And unfortunately, the author comes from the UK which is now no longer under the jurisdiction of the CJEU. That might have provided him some protection.

In this case, I suspect that wasn't the concern.

The UK currently replicates almost all the same provisions as the EU (because, it was part of the EU, and in leaving it was easier to just say, yes, we're keeping the rules the same).

It will inevitably diverge from the EU rules, but most of these are identical for now.

The case in the OP was against the Belgian Government, who do have the resources to fight silly lawsuits. Random individuals in most jurisdictions can't really entertain such things over something that doesn't make them any money against a trillion $ company.


The law in these areas won't have diverged significantly yet so he wouldn't have any less protection from the UK justice system compared to the EU.

Ah yes, “rights”, the privileges of the man with enough wealth to file suit.

History will not look back well upon this charade.


"In its majestic equality, the law forbids rich and poor alike to sleep under bridges, beg in the streets, and steal loaves of bread." - Anatole France

If only that were the reality if things.

In practice, the rich are not even as forbidden as the poor from that.


Sounds like two distinctions. Not sure if either is legally relevant

1) browser extension (which I guess is kind of a client side JS modification?) vs decompilation 2) bug vs feature addition

My uninformed take is that Facebook's claim is weak to begin with, but that this judgment doesn't really influence anything


It reminds me of the issue of whether game cheats are legal or not. Activision is losing a lot of money because cheats are ruining the game for everyone. Here, the only "victim" is Facebook itself. And it's not cheating as much as automating a manual process. My opinion is that Facebook overstepped here. A net negative move with all the bad PR they got, of which they already have plenty. And the attentionthe plug-in got.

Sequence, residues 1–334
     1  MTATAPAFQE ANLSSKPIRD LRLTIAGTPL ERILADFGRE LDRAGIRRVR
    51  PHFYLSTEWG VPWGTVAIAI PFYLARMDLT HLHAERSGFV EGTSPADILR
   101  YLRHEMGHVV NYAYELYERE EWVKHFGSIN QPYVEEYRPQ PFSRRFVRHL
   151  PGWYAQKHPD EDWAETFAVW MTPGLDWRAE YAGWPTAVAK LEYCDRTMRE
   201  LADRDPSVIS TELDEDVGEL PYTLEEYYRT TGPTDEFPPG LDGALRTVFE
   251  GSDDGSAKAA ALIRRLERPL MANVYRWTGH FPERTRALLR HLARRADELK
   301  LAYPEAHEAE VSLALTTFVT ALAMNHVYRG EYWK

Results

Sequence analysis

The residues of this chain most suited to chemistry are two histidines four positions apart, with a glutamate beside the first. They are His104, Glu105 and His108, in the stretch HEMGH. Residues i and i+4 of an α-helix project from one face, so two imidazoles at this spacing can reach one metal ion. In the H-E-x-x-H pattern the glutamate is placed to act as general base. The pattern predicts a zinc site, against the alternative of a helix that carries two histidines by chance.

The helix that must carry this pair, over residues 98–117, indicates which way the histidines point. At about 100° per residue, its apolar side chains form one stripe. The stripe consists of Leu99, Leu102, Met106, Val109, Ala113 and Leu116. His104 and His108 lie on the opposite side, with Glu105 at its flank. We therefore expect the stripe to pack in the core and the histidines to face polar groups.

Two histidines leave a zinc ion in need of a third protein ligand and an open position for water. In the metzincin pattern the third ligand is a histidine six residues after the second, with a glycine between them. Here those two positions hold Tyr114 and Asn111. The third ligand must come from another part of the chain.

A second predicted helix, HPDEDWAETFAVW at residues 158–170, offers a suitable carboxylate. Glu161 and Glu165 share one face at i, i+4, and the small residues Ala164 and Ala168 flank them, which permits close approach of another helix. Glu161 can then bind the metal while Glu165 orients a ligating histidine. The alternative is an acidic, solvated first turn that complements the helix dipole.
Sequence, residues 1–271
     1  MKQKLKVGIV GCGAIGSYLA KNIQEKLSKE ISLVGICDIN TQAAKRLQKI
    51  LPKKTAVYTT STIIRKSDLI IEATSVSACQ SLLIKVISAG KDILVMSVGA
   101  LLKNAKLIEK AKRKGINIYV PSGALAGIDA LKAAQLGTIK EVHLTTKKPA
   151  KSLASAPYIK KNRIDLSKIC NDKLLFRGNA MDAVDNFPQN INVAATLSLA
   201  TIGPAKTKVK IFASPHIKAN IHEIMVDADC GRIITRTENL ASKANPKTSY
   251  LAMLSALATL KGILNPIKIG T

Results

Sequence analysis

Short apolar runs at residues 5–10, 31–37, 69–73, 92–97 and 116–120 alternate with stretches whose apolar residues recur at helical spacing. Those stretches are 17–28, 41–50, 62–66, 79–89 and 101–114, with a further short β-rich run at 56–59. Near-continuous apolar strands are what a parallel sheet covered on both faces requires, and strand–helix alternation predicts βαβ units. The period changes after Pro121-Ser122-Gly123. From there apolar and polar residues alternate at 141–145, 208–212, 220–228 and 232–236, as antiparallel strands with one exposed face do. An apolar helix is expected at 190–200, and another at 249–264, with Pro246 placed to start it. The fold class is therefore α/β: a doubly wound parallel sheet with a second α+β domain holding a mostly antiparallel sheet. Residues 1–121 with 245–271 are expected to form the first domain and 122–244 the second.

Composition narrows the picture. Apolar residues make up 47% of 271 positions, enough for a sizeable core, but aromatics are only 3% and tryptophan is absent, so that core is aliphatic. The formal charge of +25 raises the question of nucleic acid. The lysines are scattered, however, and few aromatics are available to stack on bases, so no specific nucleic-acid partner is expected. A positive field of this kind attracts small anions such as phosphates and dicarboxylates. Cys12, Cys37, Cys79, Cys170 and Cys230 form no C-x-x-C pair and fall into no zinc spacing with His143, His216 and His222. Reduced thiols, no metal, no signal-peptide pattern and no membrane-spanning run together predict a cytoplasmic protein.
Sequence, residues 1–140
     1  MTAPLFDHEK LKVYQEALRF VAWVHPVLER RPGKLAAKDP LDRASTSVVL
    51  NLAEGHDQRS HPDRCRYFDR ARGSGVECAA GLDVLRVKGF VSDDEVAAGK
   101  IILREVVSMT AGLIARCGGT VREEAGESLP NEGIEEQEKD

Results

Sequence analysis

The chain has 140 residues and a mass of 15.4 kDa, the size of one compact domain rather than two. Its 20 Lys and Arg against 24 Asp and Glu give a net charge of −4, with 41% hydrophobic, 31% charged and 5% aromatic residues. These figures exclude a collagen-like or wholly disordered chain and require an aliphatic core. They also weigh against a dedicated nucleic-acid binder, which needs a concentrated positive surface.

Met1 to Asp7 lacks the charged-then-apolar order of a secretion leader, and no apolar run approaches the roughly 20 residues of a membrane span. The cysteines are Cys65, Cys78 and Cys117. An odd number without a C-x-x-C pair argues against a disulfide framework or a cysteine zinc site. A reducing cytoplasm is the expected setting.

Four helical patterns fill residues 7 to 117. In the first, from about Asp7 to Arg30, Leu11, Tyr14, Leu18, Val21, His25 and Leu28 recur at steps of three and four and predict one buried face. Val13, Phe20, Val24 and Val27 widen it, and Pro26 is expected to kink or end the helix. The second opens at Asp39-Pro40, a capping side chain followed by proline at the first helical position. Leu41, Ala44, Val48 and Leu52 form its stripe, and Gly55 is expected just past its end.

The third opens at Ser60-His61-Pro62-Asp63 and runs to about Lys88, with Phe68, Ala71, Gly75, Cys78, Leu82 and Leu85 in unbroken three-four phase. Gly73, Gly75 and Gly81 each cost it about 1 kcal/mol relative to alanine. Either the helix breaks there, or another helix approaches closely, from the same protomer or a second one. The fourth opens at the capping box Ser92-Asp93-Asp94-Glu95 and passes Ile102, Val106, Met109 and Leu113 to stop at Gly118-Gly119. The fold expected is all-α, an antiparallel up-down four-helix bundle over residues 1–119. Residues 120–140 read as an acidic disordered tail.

IANAL, but FB never made any direct or implied promise in its EULA that you could mass unfollow everything, and there probably ARE terms against scripting their API in an unauthorized way, so I don't think there is a case.

> FB never made any direct or implied promise in its EULA that you could mass unfollow everything

Why does this have to be explicitly allowed? Everything not prohibited is permitted.

> there probably ARE terms against scripting their API in an unauthorized way

The extension is not bound by any terms. It's the user's choice whether to violate these conditions by installing and using it.

In any case, users should have every right to do this. It's essentialy self-defense against corporate abuse. They can get us addicted to content feeds so we spend hours looking at ads but we can't script their site? That's abuse and we have every right to defend ourselves. These stupid terms are like a drug dealer that makes us promise not to go to a doctor and seek help for addiction before giving us our free sample.


Any EULA agreement is between Facebook and the End User not the creator of a Chrome plugin.

If they have a case it is against the individuals who use the plugin.


If Facebook tells me I can only browse their website in Google Chrome, then can they sue me if I open Facebook in Mozilla Firefox?

EULA doesn't mean anything as it's a one-sided contract. It doesn't allow the user to provide their terms in an input field. So it can't be taken seriously.

It's basically 10,000 employee company against single consumer. No judge would think that is a fair way to go about these things.


Why wouldn't it be legal?